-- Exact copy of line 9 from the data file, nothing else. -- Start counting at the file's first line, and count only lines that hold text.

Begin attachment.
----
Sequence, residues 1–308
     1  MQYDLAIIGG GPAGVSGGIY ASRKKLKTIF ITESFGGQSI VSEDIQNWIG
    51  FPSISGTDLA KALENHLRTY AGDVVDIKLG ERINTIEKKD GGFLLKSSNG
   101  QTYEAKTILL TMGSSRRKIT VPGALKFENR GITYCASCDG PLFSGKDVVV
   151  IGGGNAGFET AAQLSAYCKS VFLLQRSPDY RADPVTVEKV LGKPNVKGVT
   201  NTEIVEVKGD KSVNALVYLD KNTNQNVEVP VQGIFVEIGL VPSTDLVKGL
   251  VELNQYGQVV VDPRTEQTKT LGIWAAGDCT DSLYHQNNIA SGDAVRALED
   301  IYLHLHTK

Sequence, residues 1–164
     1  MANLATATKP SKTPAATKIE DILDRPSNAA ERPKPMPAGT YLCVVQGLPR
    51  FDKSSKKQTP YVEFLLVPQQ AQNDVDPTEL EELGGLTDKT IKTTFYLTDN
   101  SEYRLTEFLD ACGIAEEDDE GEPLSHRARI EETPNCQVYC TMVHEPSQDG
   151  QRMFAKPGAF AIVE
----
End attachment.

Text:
Sequence, residues 1–164